How do you come up with place names in your books?
For Dinner, Sex and Movie it was all real places I’ve lived: Andover, West Chester, Bryn Mawr. Witchwood Park is somewhere in the U.S. Beyond that, it’s deliberately vague. Witchwood Park sounded like a scary place to me. So I went with it. As it turns out, there is park named that somewhere in Australia.
Do you decide on character traits (ie shy, quiet, tomboy girl) before writing the whole book or as you go along?
Both. I go into the story with an idea of who the characters are. Then I learn things about them as they go through their different experiences along the way. It’s very rewarding to get to the point where the characters start telling you things about themselves. Its then that you understand them and some of your early ideas about who they were begin to show as forced, necessary evils that simply fall away.
Are there any hidden messages or morals contained in your books?
There are messages, but they aren’t hidden. In fact, my biggest fear is that they are too heavy handed. I don’t want to be preachy. I normally love hidden dimensions, but for a grade school and middle school audience in the Witchwood Park books, I wanted to be straight upfront:
Be you. You are worthy of being loved, whoever you are, and if life isn’t going your way, it will get better. Try and you’ll find you are not alone.
What is your favorite book and Why? Have you read it more than once?
Great Expectations. It has meant different things to me over the years. When I was younger, I loved the open-ended, unfulfilled original ending where Pip and Estella pass on the street. It rang of authenticity and real life’s refusal to do happy endings, especially where love is involved. But Dickens was urged to reconsider it, and the unhappy ending didn’t make the final cut. Instead we got the “I saw no shadow of another parting” bit that I thought was infinitely inferior. Then I got older and somewhere along the way things changed. Now I desperately need Pip and Estella to be together at the end.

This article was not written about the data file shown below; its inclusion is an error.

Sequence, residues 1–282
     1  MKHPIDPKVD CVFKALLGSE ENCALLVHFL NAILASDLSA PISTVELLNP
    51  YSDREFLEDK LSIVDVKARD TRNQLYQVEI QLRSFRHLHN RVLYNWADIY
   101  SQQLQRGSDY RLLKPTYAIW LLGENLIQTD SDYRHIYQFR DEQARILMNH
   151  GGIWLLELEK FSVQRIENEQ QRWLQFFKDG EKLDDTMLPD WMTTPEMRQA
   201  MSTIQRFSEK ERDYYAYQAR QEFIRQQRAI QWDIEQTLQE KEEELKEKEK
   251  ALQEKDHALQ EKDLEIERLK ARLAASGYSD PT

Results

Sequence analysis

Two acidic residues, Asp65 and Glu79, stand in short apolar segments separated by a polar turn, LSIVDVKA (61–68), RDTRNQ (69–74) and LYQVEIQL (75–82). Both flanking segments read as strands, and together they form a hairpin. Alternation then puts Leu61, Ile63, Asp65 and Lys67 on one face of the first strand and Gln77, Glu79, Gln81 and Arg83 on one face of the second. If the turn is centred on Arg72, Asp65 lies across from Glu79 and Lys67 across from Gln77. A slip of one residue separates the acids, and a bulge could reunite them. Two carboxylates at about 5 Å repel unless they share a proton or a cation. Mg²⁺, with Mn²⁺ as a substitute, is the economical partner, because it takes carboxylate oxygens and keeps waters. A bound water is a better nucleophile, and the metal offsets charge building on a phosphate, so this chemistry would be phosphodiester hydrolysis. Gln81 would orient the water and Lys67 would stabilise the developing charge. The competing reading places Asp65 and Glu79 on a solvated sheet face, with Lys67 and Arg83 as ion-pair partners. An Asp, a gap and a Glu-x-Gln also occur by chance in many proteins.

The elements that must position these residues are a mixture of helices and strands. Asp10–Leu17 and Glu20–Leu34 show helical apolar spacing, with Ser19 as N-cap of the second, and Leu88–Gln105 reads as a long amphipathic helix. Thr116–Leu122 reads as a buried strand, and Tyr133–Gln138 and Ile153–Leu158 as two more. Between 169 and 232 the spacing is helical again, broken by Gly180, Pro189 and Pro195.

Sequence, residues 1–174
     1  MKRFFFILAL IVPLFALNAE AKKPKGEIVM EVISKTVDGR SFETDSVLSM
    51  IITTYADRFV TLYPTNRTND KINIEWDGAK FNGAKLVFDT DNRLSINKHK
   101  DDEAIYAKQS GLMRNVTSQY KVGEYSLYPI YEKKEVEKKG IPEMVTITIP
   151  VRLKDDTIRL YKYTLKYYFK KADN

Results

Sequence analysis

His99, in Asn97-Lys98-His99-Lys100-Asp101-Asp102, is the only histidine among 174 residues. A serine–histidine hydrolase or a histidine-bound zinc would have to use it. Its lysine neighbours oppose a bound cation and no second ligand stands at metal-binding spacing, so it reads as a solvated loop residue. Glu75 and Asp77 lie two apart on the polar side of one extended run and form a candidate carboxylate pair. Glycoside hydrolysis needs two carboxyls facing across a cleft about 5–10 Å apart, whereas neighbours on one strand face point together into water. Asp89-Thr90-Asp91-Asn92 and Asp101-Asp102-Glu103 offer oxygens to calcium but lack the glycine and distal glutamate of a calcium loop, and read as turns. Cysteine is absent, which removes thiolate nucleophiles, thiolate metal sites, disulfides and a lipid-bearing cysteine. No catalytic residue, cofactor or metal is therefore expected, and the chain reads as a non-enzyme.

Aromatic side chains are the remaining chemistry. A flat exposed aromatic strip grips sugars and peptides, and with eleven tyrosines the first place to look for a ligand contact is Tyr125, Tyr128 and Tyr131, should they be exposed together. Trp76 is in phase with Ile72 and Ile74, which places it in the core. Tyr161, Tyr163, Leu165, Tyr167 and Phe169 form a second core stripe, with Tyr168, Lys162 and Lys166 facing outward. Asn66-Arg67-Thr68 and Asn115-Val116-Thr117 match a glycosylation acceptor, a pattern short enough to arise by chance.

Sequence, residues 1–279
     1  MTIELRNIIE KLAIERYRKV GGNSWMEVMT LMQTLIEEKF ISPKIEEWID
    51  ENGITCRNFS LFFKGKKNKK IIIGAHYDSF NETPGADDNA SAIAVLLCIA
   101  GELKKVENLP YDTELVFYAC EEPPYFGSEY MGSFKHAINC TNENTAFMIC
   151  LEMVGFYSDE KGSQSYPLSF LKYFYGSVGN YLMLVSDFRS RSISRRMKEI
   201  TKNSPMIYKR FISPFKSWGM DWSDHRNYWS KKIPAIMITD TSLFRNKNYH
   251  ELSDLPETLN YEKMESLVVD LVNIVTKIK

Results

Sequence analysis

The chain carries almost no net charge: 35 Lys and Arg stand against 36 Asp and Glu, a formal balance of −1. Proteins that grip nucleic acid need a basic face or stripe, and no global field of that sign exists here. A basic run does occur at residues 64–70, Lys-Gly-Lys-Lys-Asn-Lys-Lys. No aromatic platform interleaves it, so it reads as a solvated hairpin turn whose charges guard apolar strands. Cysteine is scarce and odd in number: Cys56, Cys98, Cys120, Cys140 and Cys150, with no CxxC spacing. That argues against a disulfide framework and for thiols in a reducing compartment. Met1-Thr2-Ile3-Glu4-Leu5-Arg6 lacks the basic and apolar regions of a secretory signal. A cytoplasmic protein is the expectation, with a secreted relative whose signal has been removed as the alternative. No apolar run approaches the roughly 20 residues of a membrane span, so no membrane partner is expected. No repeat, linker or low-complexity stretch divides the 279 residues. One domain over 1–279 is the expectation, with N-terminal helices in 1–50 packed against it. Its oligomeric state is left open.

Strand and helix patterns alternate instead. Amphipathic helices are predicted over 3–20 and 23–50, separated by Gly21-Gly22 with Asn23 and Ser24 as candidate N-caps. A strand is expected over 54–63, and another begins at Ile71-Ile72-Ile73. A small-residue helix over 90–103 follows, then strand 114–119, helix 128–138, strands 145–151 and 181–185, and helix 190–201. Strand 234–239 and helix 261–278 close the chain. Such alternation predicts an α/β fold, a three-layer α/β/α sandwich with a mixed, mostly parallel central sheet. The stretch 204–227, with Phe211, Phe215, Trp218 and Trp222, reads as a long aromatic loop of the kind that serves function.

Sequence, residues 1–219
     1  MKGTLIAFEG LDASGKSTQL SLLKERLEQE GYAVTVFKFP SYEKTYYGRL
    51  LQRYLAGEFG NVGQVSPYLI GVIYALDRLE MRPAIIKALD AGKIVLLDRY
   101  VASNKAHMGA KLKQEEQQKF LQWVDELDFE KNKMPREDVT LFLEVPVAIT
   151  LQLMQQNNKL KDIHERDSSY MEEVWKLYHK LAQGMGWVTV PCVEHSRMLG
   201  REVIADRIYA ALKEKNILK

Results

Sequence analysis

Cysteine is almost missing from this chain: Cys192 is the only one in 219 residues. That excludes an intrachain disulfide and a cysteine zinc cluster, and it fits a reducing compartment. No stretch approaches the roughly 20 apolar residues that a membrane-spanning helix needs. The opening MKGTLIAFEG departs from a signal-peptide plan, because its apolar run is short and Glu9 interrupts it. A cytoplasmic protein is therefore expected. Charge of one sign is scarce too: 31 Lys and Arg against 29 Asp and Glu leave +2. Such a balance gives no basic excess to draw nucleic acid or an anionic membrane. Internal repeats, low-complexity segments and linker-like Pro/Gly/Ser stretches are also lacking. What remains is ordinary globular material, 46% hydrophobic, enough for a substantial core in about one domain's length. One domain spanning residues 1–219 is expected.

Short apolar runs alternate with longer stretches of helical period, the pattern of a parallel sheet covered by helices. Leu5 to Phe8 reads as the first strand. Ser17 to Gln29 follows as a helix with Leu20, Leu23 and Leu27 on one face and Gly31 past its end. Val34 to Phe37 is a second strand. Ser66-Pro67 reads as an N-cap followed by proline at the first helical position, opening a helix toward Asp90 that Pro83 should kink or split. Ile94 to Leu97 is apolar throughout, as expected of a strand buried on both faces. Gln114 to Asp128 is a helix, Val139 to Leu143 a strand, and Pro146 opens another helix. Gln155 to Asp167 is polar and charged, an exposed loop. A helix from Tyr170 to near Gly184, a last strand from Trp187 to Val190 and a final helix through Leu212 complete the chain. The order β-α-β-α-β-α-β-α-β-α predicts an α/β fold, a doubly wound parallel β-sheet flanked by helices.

Do you think books transfer to movies well?
That’s a loaded question. When we read, we have our images of the events and characters in our heads – but how fully defined are they? The images in a movie are necessarily fully defined. We see them with our eyes, not our minds. All the details and attributes, the director, costumers, make-up and every other cast and crew member has to fill in. These details aren’t in the story and they can’t and shouldn’t be. That means when we watch the movie, it is necessarily something different than whatever we had in our heads. And sometimes we hate the end result.
I remember NPR doing a piece in the mid-nineties about how upset many people were that Harry Potter was coming to the big screen. They didn’t want the Harry in their heads taken away by some director’s version. But for the most part, it all worked out fine in the end, didn’t it? Although maybe the version of Harry and company you had in your head got replaced by Daniel Radcliffe and Emma Watson, whether you liked it or not? All I know is Alan Rickman is the penultimate Snape.
Then there’s the whole issue as to how faithful the movie’s story has to be to the book. Peter Jackson has been assaulted from many quarters for creating “Tauriel,” who isn’t in the book The Hobbit. OK, I get that – but the original story, as great as it is, is all about a bunch of guys. Is inserting one girl too much to ask in a two and a half hour stretch in 2014? I think Peter Jackson got it right.
Your favorite food is?
Two (maybe three) eggs over easy, hash browns, rye toast. Feel free to pour creamed chipped beef on the toast and add bacon, sausage and scrapple. Add ketchup and Frank’s Red Hot. And maybe a pint of Fuller’s London Pride.
Your favorite singer/group is?
Blue Öyster Cult. Or the Stones.
Your favorite color is?
Your favorite Author is?
Pynchon. I’m still in awe of V.
S.W. Develin lives in West Chester, Pennsylvania with his wife, Julie, and their three children: Brigid, Jack and Garrett. He has a dog named Pink, a cat named Floyd, and a small kitten disguised as a cow.